Book Review: Babouc’s Vision
Reviewed by Joelene Pynnonen
A dystopian nightmare that holds a mirror up to our world
For years, Harl Babouc has kept to himself. He has his appliance repair shop to run and regular customers to see, but he rarely ventures outside.
Beyond the shop’s four walls, CynCity has become more and more violent. Vicious gangs roam the streets, hunting for easy victims. Corporations squeeze desperate citizens for every bit they can spare—and then a little more. The government protects only its most privileged citizens.
Such sin cannot go unchecked, Harl finds out, when an angel appears in his workshop. The stain of immorality has seeped too deeply into the structure of the city. The only option left is for it to be chastened or destroyed. And for that, the angel needs Harl’s help. His eyes, ears, and heart must determine the fate of the bustling, complex place he lives in.
Babouc’s Vision is a frame novel, reminiscent of The Decameron in some ways. It studies human nature, society, and current events by packing multiple stories in it. Each of the stories is set in the same bleak dystopian city in the near future, but the themes and atmosphere vary.
Babouc’s Vision is very much a study of our world through the lens of science fiction. Loneliness, alienation, corruption, and greed are recurring themes, but there are lovely rays of hope that shine through at unexpected intervals. While this falls under the sci-fi umbrella, it is light on the science. The focus is more on character and society.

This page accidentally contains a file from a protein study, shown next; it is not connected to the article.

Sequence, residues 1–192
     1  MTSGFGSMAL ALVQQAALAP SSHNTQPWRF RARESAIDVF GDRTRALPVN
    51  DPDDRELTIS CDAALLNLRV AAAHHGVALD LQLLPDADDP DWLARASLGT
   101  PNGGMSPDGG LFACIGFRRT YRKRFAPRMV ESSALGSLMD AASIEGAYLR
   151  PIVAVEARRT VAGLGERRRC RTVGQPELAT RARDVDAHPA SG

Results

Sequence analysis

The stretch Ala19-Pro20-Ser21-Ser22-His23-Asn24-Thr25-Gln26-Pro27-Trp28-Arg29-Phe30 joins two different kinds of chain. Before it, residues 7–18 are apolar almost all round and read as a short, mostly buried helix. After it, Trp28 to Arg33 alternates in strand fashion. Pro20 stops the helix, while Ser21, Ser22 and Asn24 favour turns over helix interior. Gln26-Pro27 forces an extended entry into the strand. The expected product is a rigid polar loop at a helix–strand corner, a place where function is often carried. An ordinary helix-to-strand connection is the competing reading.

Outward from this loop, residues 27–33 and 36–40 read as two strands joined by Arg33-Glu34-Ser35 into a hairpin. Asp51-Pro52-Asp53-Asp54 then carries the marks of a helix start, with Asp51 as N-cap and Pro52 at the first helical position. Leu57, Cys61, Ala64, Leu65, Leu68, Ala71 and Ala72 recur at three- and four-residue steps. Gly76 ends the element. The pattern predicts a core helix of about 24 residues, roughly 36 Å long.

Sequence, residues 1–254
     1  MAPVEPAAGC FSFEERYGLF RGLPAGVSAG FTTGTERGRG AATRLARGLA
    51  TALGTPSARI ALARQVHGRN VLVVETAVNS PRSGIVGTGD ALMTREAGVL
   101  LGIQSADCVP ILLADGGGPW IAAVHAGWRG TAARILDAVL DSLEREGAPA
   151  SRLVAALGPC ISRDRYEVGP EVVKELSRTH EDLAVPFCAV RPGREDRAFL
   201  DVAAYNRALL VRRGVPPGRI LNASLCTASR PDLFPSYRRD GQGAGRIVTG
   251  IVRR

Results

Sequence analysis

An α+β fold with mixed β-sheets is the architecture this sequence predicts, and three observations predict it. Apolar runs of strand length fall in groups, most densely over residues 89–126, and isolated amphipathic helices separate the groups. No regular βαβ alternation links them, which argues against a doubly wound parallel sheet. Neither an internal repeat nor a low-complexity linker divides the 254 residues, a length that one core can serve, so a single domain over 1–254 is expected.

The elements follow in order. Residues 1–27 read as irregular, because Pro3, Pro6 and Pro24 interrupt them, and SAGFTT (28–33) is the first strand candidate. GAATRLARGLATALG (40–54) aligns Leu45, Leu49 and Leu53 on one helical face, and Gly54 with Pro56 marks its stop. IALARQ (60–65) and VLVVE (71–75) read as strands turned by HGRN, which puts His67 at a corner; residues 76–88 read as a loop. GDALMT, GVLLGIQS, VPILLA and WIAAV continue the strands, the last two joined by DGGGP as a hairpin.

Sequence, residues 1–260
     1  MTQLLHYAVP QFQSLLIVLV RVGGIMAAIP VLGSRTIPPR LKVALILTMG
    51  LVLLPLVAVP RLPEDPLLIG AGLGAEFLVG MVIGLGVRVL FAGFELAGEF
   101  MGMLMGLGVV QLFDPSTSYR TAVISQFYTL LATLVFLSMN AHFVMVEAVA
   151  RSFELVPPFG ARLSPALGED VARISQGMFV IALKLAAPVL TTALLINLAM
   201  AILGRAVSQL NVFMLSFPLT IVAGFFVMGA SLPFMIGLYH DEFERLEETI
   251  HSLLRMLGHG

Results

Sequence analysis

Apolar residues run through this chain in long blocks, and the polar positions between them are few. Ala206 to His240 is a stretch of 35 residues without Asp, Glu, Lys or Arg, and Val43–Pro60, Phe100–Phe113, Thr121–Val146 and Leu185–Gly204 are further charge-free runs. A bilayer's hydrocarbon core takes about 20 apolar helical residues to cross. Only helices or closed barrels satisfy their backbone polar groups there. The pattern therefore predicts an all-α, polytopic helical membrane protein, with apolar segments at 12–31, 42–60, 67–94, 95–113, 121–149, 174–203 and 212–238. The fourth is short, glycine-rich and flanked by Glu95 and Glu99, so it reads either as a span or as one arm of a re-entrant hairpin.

Like any multi point-of-view novels, readers will have their favorites storylines. While I thoroughly enjoyed the storyline that follows a young former gang member trying to leave his past and build a future free of violence, certain ideas in the text were the most fascinating to me. Older people in the novel felt like they stood in two worlds. One foot in a safer, cleaner, kinder past and one in the desolate present. For the younger characters, they were a tenuous connection to that almost lost past.
The structure of the novel is the only place where it loses some of its grip. It jumps from viewpoint to viewpoint for a good chunk of the novel before settling in to unpack how the stories play out. As a result, the endings to some of these storylines feel choppy and unfinished. With so many viewpoints, there’s also the problem of not remembering certain characters or storylines when they roll around again.
Babouc’s Vision is a strong collection of tales, in novel form. I love how everything starts coming together in the end. As the stories link up, human connection becomes a new theme, however tenuous.
Genre: Science Fiction & Fantasy / Dystopia
Print Length: 184 pages
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